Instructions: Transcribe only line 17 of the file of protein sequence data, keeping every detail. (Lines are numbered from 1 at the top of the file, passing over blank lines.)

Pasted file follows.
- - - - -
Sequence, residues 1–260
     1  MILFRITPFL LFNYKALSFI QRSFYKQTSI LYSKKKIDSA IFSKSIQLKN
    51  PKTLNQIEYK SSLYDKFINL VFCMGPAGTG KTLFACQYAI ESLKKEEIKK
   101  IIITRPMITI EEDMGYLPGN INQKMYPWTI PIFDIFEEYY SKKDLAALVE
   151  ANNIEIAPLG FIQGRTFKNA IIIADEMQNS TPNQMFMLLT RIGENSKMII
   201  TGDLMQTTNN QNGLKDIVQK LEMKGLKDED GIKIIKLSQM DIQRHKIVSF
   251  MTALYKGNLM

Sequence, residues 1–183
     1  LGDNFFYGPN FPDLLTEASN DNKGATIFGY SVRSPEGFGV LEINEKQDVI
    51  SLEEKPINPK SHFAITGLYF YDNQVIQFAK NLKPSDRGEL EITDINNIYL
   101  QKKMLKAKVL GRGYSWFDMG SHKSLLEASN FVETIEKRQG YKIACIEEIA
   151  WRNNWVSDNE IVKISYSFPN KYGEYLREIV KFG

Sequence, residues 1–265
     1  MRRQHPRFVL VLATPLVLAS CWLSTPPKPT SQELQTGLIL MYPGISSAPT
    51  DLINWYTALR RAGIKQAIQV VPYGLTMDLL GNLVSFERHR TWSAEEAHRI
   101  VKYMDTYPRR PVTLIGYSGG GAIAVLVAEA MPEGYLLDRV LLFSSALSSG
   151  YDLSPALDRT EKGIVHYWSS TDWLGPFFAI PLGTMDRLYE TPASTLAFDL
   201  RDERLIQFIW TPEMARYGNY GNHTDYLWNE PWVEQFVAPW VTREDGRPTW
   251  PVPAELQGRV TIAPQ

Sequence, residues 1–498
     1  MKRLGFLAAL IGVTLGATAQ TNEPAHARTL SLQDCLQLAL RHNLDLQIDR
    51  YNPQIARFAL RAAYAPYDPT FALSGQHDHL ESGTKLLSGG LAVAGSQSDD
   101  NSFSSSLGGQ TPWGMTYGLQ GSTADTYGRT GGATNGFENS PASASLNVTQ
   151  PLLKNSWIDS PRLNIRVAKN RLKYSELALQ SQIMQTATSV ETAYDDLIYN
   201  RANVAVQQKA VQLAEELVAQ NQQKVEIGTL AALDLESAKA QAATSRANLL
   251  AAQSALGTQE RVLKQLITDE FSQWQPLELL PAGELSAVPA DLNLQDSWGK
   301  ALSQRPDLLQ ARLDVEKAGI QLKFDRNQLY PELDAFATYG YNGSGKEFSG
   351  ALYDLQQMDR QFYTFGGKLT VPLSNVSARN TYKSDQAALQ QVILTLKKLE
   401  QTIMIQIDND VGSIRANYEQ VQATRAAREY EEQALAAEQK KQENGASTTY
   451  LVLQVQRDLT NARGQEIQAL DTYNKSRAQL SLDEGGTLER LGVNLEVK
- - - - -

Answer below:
   151  YDLSPALDRT EKGIVHYWSS TDWLGPFFAI PLGTMDRLYE TPASTLAFDL